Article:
How much would you sacrifice to keep surfing? Lord knows, wave riding demands certain sacrifices, but would you knowingly compromise your health to get in the water every day? How about your children’s health?
This is the Faustian bargain that Japanese surfers living around the Fukushima nuclear power plant are currently making. Ever since the massive earthquake and tidal wave on the first of March caused the meltdown of three nuclear reactors at the Fukushima Daiichi Nuclear Power Plant, the compromised containment units have been leaking radioactive water into the Pacific. How much and how radioactive the water is, nobody is sure. Measurements taken near the plant have yielded samples containing as much as 200,000 times more radioactive particles than what is considered acceptable by international standards. To put this into perspective, the meltdown of the plant at Fukushima rates at level 7 on the International Nuclear Event Scale (INES). Incidentally, that’s as high as it goes – the same level as Chernobyl. Would you surf near Chernobyl?
I ask myself this question while standing on the concrete sea wall at Oarai, some 100 kilometers south of Fukushima, in early September. The legendary Pipeline surfer Takayuki Wakita is standing beside me. He’s worried. Despite the oppressive heat, the black sand beach is deserted. So is the car park. So, for that matter, is much of the usually bustling resort town. The kids are inside – they’re not supposed to play outside too much for fear of being exposed to radiation. The only people in the water are here to surf the Gotcha G-Land Pro, an annual competition held by the Japan Pro Surfing Association (JPSA). According to Wakita the beach is usually full of spectators, but this year no one wants to come. Even some of the competitors are missing, unwilling to take the risk of surfing in water that could poison them for the rest of their lives.
There’s no way to reliably tell if the water breaking in waist high waves along a small sandbar is contaminated. “Lots of different figures have been published, and it is difficult to say which one is more correct as the contamination doesn’t spread in a uniform way,” Green Peace ocean radiation specialist Wakao Hanaoka explained via email. Unlike land-borne radiation, which is much better understood, the consequences of ocean bound radiation remain largely a mystery. “”Hot-spots” exist in the sea (at the bottom) as they do on land,” says Wakao, but: “Further research needs to be conducted by the govt. to establish where these areas are, how contaminated they are.”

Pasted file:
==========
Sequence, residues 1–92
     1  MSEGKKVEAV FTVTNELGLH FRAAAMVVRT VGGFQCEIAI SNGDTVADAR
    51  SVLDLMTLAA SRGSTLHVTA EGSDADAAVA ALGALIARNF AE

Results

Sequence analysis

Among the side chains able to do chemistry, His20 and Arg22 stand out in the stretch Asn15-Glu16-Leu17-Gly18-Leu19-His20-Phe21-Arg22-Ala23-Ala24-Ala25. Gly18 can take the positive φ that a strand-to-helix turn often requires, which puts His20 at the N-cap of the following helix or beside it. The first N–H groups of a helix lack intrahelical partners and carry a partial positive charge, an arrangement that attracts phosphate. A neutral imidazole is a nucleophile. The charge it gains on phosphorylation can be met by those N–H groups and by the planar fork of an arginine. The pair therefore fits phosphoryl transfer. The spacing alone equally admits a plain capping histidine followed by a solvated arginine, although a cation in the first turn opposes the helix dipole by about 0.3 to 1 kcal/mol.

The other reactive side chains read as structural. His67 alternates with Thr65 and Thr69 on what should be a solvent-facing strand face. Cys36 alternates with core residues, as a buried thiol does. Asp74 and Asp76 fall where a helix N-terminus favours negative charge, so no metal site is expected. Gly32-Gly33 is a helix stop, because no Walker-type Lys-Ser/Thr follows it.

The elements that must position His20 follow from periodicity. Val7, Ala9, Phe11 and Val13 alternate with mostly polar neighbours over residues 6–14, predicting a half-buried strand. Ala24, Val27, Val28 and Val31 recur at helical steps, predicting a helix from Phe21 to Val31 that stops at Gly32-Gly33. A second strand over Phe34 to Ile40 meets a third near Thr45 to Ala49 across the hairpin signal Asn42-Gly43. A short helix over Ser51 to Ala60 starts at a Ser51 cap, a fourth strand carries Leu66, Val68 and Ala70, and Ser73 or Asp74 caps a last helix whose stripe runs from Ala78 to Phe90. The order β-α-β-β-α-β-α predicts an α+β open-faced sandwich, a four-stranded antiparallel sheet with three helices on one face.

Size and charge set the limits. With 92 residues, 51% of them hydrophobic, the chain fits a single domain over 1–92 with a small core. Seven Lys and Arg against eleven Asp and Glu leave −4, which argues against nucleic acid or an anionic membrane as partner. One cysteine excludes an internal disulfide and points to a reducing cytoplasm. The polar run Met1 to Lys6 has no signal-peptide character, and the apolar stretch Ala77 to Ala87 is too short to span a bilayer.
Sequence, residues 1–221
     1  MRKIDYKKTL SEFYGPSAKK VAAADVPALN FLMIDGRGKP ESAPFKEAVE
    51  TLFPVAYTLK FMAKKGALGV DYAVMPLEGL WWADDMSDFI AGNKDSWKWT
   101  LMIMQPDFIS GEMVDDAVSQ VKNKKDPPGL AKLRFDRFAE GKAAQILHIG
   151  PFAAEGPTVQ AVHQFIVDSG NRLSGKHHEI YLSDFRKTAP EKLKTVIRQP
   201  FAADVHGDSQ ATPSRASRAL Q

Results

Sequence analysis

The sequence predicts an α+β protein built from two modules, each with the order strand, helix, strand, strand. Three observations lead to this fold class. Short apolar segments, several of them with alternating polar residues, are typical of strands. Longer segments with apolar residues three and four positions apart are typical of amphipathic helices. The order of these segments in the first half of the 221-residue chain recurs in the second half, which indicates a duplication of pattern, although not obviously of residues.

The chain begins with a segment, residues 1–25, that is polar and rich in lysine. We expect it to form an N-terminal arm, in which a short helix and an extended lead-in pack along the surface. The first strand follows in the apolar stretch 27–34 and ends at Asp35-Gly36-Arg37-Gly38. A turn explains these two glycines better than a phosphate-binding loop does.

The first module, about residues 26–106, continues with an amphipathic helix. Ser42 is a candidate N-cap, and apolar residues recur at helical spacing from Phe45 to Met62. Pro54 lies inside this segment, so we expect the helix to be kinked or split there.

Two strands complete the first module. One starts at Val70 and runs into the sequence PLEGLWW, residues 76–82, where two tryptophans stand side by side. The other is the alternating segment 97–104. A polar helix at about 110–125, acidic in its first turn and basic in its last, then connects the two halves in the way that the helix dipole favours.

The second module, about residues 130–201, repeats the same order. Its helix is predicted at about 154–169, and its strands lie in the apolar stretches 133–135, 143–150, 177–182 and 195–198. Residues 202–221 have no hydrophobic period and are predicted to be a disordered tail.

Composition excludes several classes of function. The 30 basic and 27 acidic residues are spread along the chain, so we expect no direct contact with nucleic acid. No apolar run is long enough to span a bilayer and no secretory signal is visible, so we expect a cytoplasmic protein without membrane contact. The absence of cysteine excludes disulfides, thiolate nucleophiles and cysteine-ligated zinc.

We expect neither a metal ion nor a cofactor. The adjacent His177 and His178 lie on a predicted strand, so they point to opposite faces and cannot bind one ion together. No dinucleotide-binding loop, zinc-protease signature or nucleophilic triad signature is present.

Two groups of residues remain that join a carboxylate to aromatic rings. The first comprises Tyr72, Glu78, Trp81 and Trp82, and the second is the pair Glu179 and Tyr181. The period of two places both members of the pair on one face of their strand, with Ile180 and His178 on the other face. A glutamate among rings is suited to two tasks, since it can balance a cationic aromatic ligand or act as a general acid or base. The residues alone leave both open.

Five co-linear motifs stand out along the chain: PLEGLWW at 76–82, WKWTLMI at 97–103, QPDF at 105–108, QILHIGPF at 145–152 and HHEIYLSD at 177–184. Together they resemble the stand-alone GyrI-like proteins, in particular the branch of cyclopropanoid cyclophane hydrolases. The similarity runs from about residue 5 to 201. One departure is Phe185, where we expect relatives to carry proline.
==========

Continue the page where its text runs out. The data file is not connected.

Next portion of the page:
The Japanese government has declared this particular beach one hundred percent safe, according to the president of the JPSA, Mineto Ushikoshi. “The best the JPSA can do is listen to the government. Their officials say this water is safe so we decided to run our competition as usual to try and bring people back to these beaches. After the tsunami, five hundred kilometers of coastline was closed to people and it has had a very harsh economic effect on the coastal towns. It’s going to take time for these areas to recover from 3.1.1 (the name given to the events of March, 1st, 2011), but we feel that if we can have contests in some of these places, and do it in a safe way, then we can raise awareness about them and help them rejuvenate”
Their response sits in stark contrast to that of Oarai’s fishermen, many of whom have not gone back to work since March, according to Aya Takada, a Bloomberg reporter who has written about the town in the past. Although fishing from the port, next to the surfing peek, had been allowed to resume after a suspension immediately after the tsunami, it has since been suspended again because unacceptable levels of radiation were found in some fishing catches. The prefecture of Ibaraki, where Oarai is located, reports on their website that radiation levels of .093 microsieverts per hour have been clocked in one of their ports – less than a chest x-ray but, then, how many chest x-rays do you get every hour?
Wakita doesn’t take a warm-up surf and voices his unease with the competition directors. Others agree with him, but are more conflicted.
“The truth is that up until the tsunami, we were using a lot of electricity and we needed the power from those nuclear plants,” said one local surfer. “Without nuclear power plants there will be less energy and people in the power industry, as well as other industries will lose jobs. We can’t say that’s going to be alright – we need to deal with it,” he says. Though, how to deal with it is another question. “I think we can live without nuclear power, but it will take a long time.”
Manobu Watanabe, a surfer from near Fukushima is getting ready for his heat when I grab him. “My house and my family are okay, but I can’t surf at any of the old spots. They are all closed because of the radiation. Now I drive down here, over an hour, in order to surf.”
Does he worry about the radiation? “I can’t say it’s not on my mind. The parents are worried about their children too. Everyone is worried. I think about it every time I get in the water.”
So, decision time: What would you do? Of course, it’s just hypothetical, so give thanks to whatever God you pray to for that little bit of mercy, and please…please don’t forget about those who aren’t so lucky.